The fourth version of the anchor assembly is designated generally 38 and is shown in FIGS. 9 and 9A This version of the anchor assembly is made by bending a piece of round metal stock to provide a generally V-shaped figure with a base portion 39 and two downturned ends 40-40. An upstanding lug 41 is welded to opposite sides of the base portion. Holes provided in the lugs receive bolt 42 that is retained therein by nut 43. The bolt pivotably supports arm 44 which is mounted thereon by an enlarged opening provided in its base portion 45 adapted to receive the bolt. By pivoting the arm 44 is self-adjusting when the lower end of the side support pipe sections 18 are slipped thereover. Since the arm 44 can adjust to any particular angle this version of the anchor assembly will not exert any ilfting action on the downturned fingers 40-40 to disengage them from the sidewall 14 of the pool.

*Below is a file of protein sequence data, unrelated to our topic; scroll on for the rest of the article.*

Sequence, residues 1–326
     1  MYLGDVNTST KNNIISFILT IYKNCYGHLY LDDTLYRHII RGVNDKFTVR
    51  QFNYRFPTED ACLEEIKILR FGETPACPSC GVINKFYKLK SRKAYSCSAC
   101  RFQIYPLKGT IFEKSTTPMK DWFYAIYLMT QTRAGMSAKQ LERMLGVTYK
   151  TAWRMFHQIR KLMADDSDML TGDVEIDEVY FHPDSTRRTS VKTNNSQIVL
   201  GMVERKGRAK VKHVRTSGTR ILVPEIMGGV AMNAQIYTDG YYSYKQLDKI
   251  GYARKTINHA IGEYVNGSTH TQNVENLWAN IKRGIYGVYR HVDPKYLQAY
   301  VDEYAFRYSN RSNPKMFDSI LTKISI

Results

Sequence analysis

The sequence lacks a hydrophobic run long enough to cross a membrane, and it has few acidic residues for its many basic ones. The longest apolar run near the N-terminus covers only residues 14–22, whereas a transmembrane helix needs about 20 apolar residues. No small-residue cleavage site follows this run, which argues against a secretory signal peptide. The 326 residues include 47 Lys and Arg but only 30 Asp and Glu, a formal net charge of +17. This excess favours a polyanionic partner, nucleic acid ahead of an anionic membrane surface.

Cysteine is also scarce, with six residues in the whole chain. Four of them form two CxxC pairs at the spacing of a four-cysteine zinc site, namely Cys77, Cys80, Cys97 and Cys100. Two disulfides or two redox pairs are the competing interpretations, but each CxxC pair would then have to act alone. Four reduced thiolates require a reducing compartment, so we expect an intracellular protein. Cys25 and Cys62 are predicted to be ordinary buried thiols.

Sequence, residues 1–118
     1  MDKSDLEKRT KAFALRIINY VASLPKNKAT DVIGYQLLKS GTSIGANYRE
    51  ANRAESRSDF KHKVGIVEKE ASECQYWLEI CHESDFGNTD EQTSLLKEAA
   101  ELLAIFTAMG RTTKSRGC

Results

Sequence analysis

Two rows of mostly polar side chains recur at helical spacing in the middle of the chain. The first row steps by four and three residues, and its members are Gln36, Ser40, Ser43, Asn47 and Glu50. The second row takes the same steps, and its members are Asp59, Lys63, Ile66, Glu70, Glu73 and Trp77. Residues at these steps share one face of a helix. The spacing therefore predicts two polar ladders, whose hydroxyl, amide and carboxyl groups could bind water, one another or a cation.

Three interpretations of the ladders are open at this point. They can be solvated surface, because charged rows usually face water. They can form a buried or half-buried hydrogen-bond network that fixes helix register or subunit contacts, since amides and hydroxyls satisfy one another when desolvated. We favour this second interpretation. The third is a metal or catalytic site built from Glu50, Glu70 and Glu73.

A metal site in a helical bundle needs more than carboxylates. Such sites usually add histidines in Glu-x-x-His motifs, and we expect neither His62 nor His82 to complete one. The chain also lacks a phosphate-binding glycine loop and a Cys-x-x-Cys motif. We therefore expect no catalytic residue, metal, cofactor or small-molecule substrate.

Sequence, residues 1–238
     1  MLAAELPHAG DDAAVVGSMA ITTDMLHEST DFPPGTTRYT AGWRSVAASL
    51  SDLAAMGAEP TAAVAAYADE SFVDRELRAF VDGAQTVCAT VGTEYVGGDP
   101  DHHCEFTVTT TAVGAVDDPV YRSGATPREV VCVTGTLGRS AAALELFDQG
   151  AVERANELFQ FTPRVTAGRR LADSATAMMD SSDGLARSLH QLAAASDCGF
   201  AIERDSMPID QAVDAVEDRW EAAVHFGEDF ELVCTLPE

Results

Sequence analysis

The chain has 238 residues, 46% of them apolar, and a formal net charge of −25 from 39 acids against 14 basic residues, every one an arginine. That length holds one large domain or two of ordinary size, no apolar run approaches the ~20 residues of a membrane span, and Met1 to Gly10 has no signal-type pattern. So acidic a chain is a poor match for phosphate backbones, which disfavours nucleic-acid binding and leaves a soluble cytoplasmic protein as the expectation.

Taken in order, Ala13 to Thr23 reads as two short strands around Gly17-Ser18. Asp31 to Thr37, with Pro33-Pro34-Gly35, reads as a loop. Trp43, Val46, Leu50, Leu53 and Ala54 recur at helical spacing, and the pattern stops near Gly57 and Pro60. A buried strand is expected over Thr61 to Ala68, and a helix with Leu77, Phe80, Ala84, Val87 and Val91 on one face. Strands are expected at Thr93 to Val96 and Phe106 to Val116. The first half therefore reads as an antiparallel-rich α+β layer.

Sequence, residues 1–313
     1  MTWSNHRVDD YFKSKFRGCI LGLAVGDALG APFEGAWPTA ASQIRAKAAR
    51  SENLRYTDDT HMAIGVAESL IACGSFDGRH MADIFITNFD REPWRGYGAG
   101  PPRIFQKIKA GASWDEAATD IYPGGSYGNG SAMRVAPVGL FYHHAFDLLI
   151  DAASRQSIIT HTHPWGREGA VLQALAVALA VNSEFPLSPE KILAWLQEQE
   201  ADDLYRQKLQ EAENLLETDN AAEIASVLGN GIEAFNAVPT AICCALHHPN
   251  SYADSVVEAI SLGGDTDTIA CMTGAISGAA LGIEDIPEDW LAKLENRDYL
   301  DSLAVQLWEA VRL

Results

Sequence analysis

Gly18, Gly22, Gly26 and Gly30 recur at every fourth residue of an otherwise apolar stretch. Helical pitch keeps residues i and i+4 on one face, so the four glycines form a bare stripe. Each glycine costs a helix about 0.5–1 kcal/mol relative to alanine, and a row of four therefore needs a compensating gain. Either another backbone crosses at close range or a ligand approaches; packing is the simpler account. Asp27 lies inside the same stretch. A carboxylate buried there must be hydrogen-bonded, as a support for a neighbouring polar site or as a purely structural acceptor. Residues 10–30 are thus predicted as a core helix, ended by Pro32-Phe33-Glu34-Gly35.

The center support pipe sections 16 and the side support pipe sections 18 are joined in four-way coupling 17, an example of which is shown in FIG. 6. The couplings are removably attached to each of the respective pipe sections 16 and 18 by means of pins 23 inserted in aligned openings 24 provided on opposite sides of each pipe section of the four-way coupling 17. Matching openings 25 are provided in the ends of each pipe section 16 and 18. As seen in FIG. 1, the endmost side support pipe section 1 6a may be provided with a permanent bend therein in order to facilitate insertion in the endmost fourway coupling and convenient attachment to an anchor assembly 19 at each end of the pool. This is desirably because the short spacing between the endmost four-way coupling 17 and the adjacent edge of the end of the pool prevents arching of the end member 16a as is utilized in the side support members 18.
In assembly of the device of the present invention the cover support structure is fabricated from lengths of flexible conduit, preferably cylindrical pipe of a wall thickness which will permit convenient flexing to provide an arched structure as illustrated in FIG. 1. While the center support pipe sections 16 and the side support pipe sections 18 may be made from thin wall metal pipe such as iron, steel or aluminum, a preferred material for their construction is plastic pipe. A preferred plastic pipe is one made from polyvinyl chloride plastic compound.